National Gramophonic Society
This page presents a brief account of the National Gramophonic Society.
It is part of the site Classical 'Society' Records by Nick Morgan.
The brainchild of the novelist Compton Mackenzie, the NGS was the first body to fund recordings by subscriptions.
Active from late 1924 until early 1932, the Society issued 165 78 rpm discs (plus 2 extra sides), little known today, yet of considerable musical and historical value. For the Society's discography, see National Gramophonic Society discography.
A brief history
In 1922, the novelist Compton Mackenzie (1883-1972) underwent a conversion. He was not musically trained but had come to enjoy listening to classical music 'live', and even performed himself it after a fashion, pedalling an organ which played perforated paper rolls. Sound recordings, on the other hand, he found so unbearable that he dismissed them out of hand. This was a problem, because he not only enjoyed music but positively needed it, as it helped him to write and pay his bills. So much so that his wife Faith (1878-1960), a talented pianist trained to concert standard, occasionally found herself obliged to play for him as he wrote, late into the night. In 1922, shopping for a player organ and rolls, Mackenzie was told they were discontinued and was persuaded to take a gramophone and some discs instead. Listening to them was a revelation: almost overnight Mackenzie became an ardent advocate of recorded music, especially chamber music, his favourite genre, which happened to record tolerably well. At the same time, he was incensed by what he saw as the record industry's wilful neglect of this and other 'good' music, and frustrated by the lack of independent advice on the best discs and machines to buy.
Never a shrinking violet, Mackenzie set out to plug both these gaps himself. In April 1923, he launched The Gramophone, effectively the world's first consumer magazine covering records and playback equipment; and in September 1923 he mooted 'a society which will aim at achieving for gramophone music what such societies as the Medici have done for the reproduction of paintings and for the printed book'. This wasn't Mackenzie's only scheme for getting more 'good' music recorded, but it was the one that worked: the National Gramophonic Society was launched in October 1924 and issued the first discs to its 300-odd subscriber-members in December. As well as being a workaholic, Mackenzie was a good delegator: he had already persuaded Faith's brother Christopher Stone (1882-1965) to help him edit The Gramophone, after which he also took on the running of the NGS. (The Society was not a fully constituted business but merely a subsidiary activity of the magazine's parent company, Gramophone Publications Ltd.)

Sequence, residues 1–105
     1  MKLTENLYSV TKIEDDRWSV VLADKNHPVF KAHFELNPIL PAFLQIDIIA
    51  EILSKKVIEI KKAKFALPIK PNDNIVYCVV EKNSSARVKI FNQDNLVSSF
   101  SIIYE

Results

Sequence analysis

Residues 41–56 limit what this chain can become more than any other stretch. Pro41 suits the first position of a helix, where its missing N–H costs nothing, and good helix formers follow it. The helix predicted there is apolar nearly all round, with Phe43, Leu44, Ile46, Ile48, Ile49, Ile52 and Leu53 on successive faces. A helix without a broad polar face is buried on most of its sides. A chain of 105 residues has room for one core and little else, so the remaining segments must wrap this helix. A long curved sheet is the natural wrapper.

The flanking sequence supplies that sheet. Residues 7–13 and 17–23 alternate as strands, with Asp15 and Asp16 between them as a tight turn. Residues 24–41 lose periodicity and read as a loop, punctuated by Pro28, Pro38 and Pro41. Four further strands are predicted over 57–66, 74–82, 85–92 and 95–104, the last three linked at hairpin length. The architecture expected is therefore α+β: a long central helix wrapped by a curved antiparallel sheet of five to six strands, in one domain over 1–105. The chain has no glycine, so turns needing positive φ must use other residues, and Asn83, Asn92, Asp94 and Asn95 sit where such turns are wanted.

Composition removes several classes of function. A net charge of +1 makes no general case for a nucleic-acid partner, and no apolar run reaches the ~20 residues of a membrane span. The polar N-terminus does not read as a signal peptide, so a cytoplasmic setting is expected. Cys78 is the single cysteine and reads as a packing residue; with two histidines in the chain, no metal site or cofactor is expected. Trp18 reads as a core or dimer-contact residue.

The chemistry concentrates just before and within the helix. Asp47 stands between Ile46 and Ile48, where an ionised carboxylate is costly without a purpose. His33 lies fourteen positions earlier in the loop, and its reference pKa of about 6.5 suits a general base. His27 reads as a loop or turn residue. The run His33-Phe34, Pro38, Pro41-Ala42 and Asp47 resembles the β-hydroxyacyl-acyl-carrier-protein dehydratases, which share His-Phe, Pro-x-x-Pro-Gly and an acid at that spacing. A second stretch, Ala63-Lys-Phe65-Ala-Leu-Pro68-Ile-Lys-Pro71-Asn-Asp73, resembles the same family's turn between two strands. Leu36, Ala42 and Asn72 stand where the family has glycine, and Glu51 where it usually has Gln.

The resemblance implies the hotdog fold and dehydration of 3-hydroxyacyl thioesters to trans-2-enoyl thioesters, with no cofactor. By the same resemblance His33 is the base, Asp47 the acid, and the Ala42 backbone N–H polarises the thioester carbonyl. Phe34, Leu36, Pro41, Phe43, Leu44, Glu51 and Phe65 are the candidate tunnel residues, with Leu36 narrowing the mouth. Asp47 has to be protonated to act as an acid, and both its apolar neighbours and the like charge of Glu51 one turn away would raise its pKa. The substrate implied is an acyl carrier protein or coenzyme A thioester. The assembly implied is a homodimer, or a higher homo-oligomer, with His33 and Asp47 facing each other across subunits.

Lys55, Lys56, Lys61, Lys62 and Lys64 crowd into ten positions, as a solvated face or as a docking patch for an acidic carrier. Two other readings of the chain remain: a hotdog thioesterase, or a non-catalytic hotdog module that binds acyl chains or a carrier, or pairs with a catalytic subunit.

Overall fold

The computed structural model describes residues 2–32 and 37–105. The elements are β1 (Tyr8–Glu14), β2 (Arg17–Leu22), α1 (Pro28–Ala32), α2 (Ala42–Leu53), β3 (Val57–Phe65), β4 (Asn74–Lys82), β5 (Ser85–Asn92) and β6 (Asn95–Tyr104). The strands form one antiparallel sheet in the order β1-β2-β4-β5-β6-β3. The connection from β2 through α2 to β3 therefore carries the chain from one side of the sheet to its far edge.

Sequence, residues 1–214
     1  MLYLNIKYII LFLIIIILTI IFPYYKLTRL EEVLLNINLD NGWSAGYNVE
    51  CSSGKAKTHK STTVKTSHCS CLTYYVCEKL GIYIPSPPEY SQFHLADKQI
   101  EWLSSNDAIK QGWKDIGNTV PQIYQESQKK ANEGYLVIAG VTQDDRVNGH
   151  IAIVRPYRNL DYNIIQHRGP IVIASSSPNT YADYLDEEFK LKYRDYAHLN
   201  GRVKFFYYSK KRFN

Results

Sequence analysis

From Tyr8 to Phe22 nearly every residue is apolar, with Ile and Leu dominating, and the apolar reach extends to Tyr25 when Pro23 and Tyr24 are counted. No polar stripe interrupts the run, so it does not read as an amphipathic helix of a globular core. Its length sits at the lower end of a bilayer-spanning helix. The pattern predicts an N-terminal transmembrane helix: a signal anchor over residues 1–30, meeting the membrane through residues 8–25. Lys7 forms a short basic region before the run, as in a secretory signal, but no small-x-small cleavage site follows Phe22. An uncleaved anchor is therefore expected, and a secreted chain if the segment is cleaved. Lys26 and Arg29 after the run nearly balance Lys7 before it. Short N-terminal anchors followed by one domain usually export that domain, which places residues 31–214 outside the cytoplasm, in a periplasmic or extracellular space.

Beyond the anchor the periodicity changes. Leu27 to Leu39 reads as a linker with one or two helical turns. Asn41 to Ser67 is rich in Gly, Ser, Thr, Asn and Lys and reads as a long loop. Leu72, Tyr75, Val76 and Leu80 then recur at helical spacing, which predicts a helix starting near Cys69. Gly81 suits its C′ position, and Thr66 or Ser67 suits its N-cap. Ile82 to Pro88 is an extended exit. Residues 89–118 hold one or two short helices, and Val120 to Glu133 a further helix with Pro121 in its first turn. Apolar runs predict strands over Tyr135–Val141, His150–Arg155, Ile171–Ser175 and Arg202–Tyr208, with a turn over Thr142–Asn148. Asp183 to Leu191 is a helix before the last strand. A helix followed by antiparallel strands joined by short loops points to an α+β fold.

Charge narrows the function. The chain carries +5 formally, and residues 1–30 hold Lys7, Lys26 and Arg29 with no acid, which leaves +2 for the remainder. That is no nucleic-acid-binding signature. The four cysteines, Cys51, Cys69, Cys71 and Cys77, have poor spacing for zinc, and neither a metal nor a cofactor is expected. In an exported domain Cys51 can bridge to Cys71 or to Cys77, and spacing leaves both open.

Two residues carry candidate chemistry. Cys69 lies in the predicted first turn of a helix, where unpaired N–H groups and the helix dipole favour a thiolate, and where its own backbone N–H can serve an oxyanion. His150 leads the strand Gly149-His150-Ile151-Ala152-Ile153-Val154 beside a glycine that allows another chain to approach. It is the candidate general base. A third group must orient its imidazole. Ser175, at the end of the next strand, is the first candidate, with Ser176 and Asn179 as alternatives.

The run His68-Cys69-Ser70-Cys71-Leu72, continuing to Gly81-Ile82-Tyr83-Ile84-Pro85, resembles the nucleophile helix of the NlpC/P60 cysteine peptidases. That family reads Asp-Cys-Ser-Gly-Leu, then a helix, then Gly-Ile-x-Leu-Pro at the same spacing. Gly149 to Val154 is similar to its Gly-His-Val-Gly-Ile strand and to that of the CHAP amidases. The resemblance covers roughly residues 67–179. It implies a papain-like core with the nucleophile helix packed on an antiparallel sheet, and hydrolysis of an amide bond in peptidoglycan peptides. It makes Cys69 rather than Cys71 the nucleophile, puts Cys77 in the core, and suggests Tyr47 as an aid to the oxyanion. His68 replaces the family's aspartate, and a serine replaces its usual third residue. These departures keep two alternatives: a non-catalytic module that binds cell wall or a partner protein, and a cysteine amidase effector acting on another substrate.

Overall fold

Not content with founding the world's first subscription record label, Mackenzie decreed that it would only issue works new to disc, complete and uncut, so taking a stand against his twin bugbears of 'duplication' and 'cutting'. This policy also placated the commercial companies, who were sent the NGS's proposed recording programme to check if it clashed with theirs (it sometimes did, obliging the NGS to abandon chosen works). In another notable innovation, the Society's planned programme was then voted on by members, unfortunately adding another layer of bureaucracy. And of course, to record the winning works, artists had to be recruited, sessions organized, and test pressings 'passed'. These were tasks for trained professionals, for which the NGS formed an Advisory Committee of Gramophone critics and musicians, including the violinist and string quartet leader Edwin Spencer Dyke (1880-1946), who would make the largest number of recordings for the NGS (132 sides out of 332). The Society's second most prolific artist (some 90 sides) was André Mangeot (1883-1970), likewise a violinist and quartet leader; although not on the Advisory Committee, Mangeot seems to have shared with Spencer Dyke the job of recruiting artists to record for the Society, not least his own quartet, whose cellist was a young John Barbirolli (1899-1970).
It was also for the NGS that Barbirolli made his debut recordings as a conductor, in January 1927. The Society's first two 'seasons', which started each October, had produced solely chamber music, from duos to sextets. The 1926-27 season brought not only the NGS's first orchestral issues first electrical records but also its first electrical recording, made by the Vocalion Gramophone Company, using the Marconi electrical process. The Society's earliest, acoustical discs had been produced by the Columbia Graphophone Company, reportedly on the orders of Sir Louis Sterling (Mackenzie's plans allegedly met with resistance from the industry), and at a discount. For reasons unknown, the Society soon switched to Parlophone, whose producer was Oscar Preuss (1889-1958), now remembered mainly for hiring George Martin, many years later. The NGS's partnership with Parlophone was also short-lived, and in early 1926 the Society teamed up with Vocalion, until the latter ceased producing 12-inch (30 cm) records in 1928. After a single Parlophone electrical production, the Society reverted to Columbia, from May 1928 until its last recording sessions in March 1931. Some NGS discs remained for sale into the 1950s, pressed by Columbia's parent company EMI, but all metal manufacturing parts were scrapped by early 1964.